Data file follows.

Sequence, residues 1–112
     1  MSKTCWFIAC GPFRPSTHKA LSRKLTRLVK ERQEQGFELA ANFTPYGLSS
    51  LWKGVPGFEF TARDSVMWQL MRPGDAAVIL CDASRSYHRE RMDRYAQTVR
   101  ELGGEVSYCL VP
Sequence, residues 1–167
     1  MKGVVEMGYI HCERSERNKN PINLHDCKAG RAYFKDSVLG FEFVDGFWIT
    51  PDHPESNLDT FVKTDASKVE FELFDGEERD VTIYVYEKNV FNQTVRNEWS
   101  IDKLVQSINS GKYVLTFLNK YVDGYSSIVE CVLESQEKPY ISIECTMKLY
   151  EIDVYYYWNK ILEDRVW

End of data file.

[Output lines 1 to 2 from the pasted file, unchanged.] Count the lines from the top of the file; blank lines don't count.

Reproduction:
Sequence, residues 1–112
     1  MSKTCWFIAC GPFRPSTHKA LSRKLTRLVK ERQEQGFELA ANFTPYGLSS